They've raced to see who can get you from here to O'Hare on the cheapest fare.
They've fought bitterly over who can get you to LaGuardia on time.
Now the airlines are squaring off over who can get you a full episode of "The Office" in flight. Which will be the first to put an iPod dock on your arm rest. And who's got the guts to show the freshly minted Oscar winner "The Departed" unedited, in all its profane, splatter- shot glory.
Frontier, United, Delta, JetBlue and other U.S. airlines serving Denver International Airport are finally branching out beyond the standard in-flight fare of lame romantic comedies on grainy videotape, or the Boston Pops on the radio headset. Pushed by improving technology and the constant drive for a marketing edge over lower-cost rivals, the airlines are adding dozens of TV channels, risqué movie choices and innovative satellite music genres.
The passenger's flying choice "ultimately comes down to price and schedule," acknowledged United spokesman Jeff Kovick. "But all things being equal, the in-flight experience is a big part of the overall travel experience. At the end of the day, it's still a flight, and people want to use entertainment to make it go as quickly as possible."
Since September, United has loosened its restrictions on what types of movies can be shown on jets equipped with overhead screens, which all passengers can see. When the airline played "Little Miss Sunshine" in the fall, an R movie with some ear-curling rants by Alan Arkin, "We got a tremendous amount of positive feedback," Kovick said.
"We've found out that what customers want to see is not just the blockbusters but also good films they haven't had a chance to see yet," he said. "We're not afraid to look at some movies that our competitors wouldn't."
In coming weeks, Kovick said, "rather than only put 'Dreamgirls' on, we'll also put on 'Stranger Than Fiction.' It's another really good movie that most of our customers haven't seen."
United's headsets for video or audio programming are free. In addition to movies on flights of three hours or longer, United offers XM Satellite audio programming, from nine channels on a 737 to 19 channels on a 777.
iPod docks also are coming to United in "the near future," Kovick said, for first and business class on international flights. The docks will charge an iPod but also synchronize with the first-class screens, meaning passengers with a video iPod could project any TV or movies they brought along onto the larger screen at their seat.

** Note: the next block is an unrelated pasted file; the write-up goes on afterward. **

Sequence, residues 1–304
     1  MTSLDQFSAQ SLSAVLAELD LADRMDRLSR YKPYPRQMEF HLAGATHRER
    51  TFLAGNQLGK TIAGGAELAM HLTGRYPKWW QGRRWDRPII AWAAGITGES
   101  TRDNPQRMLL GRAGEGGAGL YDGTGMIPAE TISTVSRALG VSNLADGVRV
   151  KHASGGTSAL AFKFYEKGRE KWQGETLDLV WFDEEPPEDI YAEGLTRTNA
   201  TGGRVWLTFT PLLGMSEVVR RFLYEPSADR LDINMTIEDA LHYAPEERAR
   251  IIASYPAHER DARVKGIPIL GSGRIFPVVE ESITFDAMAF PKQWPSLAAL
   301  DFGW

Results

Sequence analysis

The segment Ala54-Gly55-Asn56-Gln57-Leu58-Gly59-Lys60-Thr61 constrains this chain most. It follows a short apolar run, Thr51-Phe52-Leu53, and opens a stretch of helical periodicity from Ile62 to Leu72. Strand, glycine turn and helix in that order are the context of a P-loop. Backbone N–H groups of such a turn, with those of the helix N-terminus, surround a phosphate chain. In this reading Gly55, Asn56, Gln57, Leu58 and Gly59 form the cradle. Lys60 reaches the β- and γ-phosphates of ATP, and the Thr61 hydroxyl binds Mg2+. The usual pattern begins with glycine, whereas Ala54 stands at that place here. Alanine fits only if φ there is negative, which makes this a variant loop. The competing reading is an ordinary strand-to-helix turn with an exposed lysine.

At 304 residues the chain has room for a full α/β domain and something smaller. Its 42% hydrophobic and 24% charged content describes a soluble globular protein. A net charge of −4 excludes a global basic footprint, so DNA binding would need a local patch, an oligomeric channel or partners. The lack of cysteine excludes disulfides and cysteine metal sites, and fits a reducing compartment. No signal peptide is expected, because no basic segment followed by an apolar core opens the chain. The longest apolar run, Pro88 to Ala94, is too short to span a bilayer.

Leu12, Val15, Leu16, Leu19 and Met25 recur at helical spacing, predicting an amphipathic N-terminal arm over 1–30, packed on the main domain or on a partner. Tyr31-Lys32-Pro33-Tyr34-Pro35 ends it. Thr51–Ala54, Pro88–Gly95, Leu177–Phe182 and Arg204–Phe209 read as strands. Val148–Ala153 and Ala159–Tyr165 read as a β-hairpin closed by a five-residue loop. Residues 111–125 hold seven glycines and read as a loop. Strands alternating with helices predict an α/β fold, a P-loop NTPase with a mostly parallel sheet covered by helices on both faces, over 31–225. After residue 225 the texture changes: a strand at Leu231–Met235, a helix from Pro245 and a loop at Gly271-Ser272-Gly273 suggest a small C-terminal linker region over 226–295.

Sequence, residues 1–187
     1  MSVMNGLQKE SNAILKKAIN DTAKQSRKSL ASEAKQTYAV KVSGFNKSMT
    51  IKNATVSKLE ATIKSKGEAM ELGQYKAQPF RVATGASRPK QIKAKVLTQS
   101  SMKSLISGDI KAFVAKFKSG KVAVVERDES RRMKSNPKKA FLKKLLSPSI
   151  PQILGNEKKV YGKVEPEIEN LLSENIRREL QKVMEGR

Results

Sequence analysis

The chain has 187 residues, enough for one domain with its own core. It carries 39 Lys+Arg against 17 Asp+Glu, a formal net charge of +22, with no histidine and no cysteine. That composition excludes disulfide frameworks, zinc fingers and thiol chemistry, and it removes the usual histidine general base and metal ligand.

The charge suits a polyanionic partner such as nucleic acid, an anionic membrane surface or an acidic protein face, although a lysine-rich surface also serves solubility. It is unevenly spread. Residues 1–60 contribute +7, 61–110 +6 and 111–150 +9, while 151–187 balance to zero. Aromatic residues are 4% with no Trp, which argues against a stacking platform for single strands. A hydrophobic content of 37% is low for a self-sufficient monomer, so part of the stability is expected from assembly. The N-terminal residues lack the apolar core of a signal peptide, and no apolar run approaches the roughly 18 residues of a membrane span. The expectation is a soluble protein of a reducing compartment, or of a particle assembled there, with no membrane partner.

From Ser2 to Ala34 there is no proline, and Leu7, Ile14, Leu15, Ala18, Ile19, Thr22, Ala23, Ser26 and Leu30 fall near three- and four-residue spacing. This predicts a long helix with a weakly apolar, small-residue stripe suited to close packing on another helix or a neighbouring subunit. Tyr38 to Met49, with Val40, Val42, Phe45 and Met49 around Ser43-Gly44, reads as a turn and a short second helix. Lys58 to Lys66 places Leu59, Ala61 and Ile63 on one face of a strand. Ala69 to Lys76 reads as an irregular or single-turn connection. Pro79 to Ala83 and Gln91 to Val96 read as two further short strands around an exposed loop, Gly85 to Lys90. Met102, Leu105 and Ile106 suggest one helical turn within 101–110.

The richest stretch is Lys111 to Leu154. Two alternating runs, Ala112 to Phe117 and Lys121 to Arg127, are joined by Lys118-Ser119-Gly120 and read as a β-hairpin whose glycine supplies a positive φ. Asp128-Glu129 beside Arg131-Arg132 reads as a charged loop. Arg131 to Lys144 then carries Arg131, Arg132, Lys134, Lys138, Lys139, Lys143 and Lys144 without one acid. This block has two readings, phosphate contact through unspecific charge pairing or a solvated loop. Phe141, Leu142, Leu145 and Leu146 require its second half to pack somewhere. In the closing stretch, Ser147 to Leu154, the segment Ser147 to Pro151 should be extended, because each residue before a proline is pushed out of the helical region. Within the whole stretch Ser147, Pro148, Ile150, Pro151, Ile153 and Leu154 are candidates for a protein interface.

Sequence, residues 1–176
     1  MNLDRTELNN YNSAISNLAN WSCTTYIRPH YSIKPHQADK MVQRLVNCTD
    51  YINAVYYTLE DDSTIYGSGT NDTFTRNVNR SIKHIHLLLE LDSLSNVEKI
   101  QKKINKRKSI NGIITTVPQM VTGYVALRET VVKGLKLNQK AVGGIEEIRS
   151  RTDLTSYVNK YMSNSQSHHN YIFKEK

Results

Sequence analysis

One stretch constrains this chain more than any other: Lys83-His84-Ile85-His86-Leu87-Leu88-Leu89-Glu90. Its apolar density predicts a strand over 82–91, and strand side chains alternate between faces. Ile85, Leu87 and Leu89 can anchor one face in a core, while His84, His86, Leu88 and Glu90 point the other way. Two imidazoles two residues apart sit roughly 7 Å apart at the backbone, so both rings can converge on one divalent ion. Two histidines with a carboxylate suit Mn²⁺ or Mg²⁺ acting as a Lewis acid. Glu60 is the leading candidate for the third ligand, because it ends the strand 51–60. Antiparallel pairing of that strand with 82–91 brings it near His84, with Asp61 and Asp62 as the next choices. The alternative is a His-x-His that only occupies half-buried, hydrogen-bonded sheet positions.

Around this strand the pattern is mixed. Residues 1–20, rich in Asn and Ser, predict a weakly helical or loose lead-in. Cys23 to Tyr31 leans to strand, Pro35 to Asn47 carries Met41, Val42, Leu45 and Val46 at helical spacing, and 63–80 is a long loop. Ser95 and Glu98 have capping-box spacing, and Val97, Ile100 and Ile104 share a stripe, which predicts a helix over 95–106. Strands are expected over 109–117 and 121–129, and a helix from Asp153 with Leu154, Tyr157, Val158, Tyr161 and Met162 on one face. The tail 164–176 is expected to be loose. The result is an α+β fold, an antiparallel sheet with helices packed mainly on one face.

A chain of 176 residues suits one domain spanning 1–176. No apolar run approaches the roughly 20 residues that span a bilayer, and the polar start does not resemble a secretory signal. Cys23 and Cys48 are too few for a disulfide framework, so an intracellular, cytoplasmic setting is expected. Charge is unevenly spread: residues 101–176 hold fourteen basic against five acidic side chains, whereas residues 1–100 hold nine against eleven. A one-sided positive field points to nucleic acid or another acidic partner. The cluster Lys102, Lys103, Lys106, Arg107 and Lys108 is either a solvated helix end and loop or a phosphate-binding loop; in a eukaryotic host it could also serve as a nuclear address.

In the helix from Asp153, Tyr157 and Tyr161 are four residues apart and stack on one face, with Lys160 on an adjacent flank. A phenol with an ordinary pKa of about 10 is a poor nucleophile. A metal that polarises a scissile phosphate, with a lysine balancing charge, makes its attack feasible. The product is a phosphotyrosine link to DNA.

Frontier moved ahead of many of its Denver competitors about 18 months ago, when it traded its Boeing aircraft for Airbus planes that had seat-back TVs and more sophisticated wiring. For $5, Frontier offers 24 channels of TV from DirecTV. For $8, passengers can choose among three more movie channels, including a dedicated Disney channel and some with more challenging fare, including "Déjà Vu," "Stranger Than Fiction" and "Bandidas."
For many passengers, the amenity creates exactly the reaction an airline is hoping for: Not a life-changing experience that would make someone swear off a competitor no matter the cost, but a creature comfort that clings to a brand name like cotton candy.
"We love it," said P.J. Schappert of Dallas, on her way home from visiting her son in Breckenridge. "We wish it was free and not $5, but it makes the flight go extremely fast."
Standing behind Schappert in the Frontier queue at DIA were daughters Rachel, 11, and Amy, 10, both dedicated channel-surfers on Frontier flights.
"You can give them Nickelodeon, and not have to bug them to not touch each other the whole flight," Schappert said.
She's also a flight attendant for Delta, now offering 24 TV channels for free, and she said given how much it occupies the passengers, "All the flight attendants love it too."
Television screens at each seat with live satellite broadcasts are a feature that has changed the in-flight experience for sports fans and nonfans alike, virtually creating a sports bar in the sky.
It's all part of a major shift in how airlines think about the $1.75 billion-a-year industry for in-flight entertainment.
Airports are lining up to climb aboard regional service carried on new 74-seat turboprops.
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